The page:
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Yesterday I got the opportunity to run in the 26th annual Chili Pepper Festival College 5k race. Sorry if you were expecting a review of the Red Hot Chili Peppers last album, but it’s not, it’s about running. I ran my fastest 5k ever yesterday and I’m excited to see what the season has for me. I’m not satisfied with my time, and I’m ready to get faster and faster every race. College running has not always been the easiest experience, but I wouldn’t trade any of it for the world. I have met some of my best friends through running and have learned to discipline myself so I can be successful. I have amazing coaches pushing me to be my best and I am very blessed for that. Today I am thankful for my coaches, my ability to run, and the past experiences I have had.

TEAM MENTALITY

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Running has been a part of my life for as long as I can remember. My dad runs marathons, my brother does 50 mile Ultra races, and my sisters have become runners as well; I guess you could say that running is in my blood. I have been running 5k and 10k races since I was 7, granted I was not as fast then, but some of my best childhood memories are from races with my family.

The picture above is from my cross-country regional meet last year. I had the best race of my running career at that competition. The rest of the year was a struggle; I broke two bones in my foot during indoor track and was out for both indoor and outdoor track seasons. I lost all my motivation, I didn’t think I would ever be able to get back to the great shape I had been in, or get any faster because of the toll that this season ending injury had taken on my training. I am still struggling to learn how to race again, but every day I get back a bit more of the confidence that I had before I got hurt.

Tomorrow I go to my first big cross country meet of my junior year in college. I am very nervous, but I know that I have a lot of people rooting for me to run to my potential. Not only do I have my family supporting me, I also have the best team mates I could ever ask for. I am blessed to have these girls in my life. They are some of my best friends, and also some of the greatest competition for me. Practicing with them makes me so much better and I learn so much from them everyday. We use each other as running buddies, friends, and a family away from home.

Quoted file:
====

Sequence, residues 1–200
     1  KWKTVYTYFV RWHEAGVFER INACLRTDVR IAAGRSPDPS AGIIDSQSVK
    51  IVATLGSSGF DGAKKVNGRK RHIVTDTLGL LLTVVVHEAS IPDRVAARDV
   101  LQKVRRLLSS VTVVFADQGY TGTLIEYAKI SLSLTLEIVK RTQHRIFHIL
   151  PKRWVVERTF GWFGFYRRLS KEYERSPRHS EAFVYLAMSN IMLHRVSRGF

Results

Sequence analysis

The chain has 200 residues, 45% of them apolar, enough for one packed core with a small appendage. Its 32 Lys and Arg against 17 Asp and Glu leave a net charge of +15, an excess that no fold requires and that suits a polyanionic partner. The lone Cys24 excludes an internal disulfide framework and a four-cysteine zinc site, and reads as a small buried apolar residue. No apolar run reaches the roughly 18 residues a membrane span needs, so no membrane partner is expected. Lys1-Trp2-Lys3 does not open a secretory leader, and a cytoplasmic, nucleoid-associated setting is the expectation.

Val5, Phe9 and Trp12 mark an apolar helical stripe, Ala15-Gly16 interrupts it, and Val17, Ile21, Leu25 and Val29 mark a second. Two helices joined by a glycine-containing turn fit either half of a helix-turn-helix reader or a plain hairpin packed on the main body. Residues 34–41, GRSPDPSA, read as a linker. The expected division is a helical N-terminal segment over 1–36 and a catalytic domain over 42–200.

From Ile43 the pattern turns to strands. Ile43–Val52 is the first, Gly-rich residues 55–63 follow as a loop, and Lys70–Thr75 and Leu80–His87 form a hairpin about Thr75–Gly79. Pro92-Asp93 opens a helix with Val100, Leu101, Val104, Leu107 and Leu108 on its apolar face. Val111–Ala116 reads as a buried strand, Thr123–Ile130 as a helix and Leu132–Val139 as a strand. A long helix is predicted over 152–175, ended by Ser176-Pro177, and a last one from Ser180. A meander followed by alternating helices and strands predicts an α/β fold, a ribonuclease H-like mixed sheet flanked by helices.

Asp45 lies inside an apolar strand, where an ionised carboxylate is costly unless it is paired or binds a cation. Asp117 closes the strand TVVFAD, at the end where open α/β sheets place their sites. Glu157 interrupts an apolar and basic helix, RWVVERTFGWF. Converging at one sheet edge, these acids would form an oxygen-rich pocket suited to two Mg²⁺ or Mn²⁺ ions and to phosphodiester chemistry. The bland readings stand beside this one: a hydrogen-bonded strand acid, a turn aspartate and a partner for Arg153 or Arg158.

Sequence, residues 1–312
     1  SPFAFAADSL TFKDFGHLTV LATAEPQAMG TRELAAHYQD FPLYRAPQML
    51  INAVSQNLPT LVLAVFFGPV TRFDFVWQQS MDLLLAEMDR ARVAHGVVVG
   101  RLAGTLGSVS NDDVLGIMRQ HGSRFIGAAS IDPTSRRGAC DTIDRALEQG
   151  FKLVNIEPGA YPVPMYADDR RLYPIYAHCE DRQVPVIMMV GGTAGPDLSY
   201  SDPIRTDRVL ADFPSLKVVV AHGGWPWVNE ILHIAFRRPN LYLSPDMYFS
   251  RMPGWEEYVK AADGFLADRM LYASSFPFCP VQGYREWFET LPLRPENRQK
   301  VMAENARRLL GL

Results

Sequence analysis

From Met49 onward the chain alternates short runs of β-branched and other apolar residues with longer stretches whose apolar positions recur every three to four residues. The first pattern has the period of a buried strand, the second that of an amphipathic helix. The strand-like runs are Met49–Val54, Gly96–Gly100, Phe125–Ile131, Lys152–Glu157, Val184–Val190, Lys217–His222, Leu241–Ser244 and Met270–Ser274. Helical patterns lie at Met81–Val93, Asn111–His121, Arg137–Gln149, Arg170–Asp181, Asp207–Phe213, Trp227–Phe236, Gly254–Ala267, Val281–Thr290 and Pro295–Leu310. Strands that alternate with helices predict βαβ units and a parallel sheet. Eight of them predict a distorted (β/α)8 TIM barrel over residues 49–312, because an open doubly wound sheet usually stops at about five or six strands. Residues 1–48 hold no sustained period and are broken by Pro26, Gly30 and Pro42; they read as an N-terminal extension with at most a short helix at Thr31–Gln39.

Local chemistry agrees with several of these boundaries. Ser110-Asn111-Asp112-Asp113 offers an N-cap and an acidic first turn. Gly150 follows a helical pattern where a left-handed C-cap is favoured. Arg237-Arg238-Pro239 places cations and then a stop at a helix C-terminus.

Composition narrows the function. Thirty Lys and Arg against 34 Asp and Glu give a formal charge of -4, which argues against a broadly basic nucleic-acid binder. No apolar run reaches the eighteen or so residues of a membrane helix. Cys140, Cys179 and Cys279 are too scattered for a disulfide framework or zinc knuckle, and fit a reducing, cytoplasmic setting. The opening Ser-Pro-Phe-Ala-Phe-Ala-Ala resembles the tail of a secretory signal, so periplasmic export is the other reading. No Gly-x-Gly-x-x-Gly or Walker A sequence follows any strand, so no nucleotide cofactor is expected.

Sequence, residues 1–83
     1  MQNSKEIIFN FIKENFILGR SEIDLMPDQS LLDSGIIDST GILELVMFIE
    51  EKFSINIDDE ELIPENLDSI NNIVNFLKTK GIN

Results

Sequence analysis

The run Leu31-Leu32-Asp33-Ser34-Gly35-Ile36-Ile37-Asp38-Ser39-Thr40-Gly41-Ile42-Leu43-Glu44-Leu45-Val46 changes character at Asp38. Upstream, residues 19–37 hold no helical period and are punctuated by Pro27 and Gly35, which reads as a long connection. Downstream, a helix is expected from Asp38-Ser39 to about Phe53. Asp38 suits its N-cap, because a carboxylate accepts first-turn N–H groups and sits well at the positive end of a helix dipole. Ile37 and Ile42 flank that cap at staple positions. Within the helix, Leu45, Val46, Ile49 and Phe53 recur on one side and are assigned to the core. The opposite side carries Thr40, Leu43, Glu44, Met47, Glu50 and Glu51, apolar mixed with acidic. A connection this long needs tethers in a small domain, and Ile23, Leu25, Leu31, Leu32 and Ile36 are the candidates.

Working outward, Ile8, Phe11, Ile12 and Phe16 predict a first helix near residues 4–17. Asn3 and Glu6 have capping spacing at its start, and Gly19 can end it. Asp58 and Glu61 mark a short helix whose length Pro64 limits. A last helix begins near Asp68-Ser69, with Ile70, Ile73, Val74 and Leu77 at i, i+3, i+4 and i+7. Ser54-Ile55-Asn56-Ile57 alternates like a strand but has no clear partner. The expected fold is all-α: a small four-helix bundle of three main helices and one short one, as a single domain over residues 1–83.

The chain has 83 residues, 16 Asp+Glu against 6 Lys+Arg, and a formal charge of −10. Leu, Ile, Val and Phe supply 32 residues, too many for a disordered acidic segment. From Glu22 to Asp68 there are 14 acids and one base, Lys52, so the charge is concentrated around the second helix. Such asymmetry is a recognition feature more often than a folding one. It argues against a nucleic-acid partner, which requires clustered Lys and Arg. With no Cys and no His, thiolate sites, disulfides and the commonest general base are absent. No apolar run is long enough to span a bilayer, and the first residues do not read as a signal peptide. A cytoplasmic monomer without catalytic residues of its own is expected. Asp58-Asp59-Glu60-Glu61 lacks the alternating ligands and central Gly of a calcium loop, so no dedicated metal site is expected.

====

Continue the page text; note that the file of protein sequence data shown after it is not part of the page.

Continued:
So today, on my quest for positivity, I choose to see my supporters. I know that I have a lot to live up to, but having these people in my life makes the struggle of running markedly better. I’ll come back to running itself at some point, because it is a great joy in my life. However, the people I run   with and for are my main focus. I love them all, completely.

 

Postcards.

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To be completely honest, yesterday everything that could go wrong, did. I woke up late, forgot that I actually needed my car to drive to class, got stuck on the elevator after some jerk pressed ALL the buttons, slept through class (during which the alarm that was supposed to wake me up went off), and had a terrible practice. I tried to stay as positive as I could, but it just kept coming. It was like the world decided that it was just not on my side for these 24 hours.

After practice I went to check my mail like I normally do every couple days. I found that I actually had mail this time, and as I pulled out the slip of card stock, I got excited because I knew that it was a postcard from my Mom. My Mom is a wonderful lady. She likes to send me silly postcards with cats, or a picture from Wyoming on it just to say that she loves me and misses me. I laugh whenever I read one of them because she likes to call me crazy pet names (like “Sweet Baboo”) that she has been calling me since I was a tiny little thing and tell me the latest gossip about the characters in her favorite shows.

In high school I did not appreciate her as much as I should have. Needless to say I know much better now. She does so much for me and misses me an incredible amount while I have been on my college journey. Reading her postcards, no matter the content, always seems to make my day better. They remind me that I am loved no matter what, and that she is thinking about me. I am so blessed to be surrounded with people like her who can brighten even the most unfortunate of days.

Looking back on yesterday, it all seems stupid. I shouldn’t have been so upset about all the little things going wrong. Learning how to be positive is a process, and appreciating the things my loved ones do for me is going to help me in this journey.

So Mom, if you are reading my blog… I love you, and thanks for the card.

Little Moments Define Our Lives

Some days it’s pretty hard to find positivity. I’m trying to see the world around myself more clearly. The smallest things can change my outlook on a day completely if I look hard enough. Being from Wyoming originally, I normally have a hard time appreciating how truly beautiful Nebraska is, but today I really looked harder at my surroundings and caught this moment. It’s little moments of happiness like this that can really define out lives; if we would only allow it.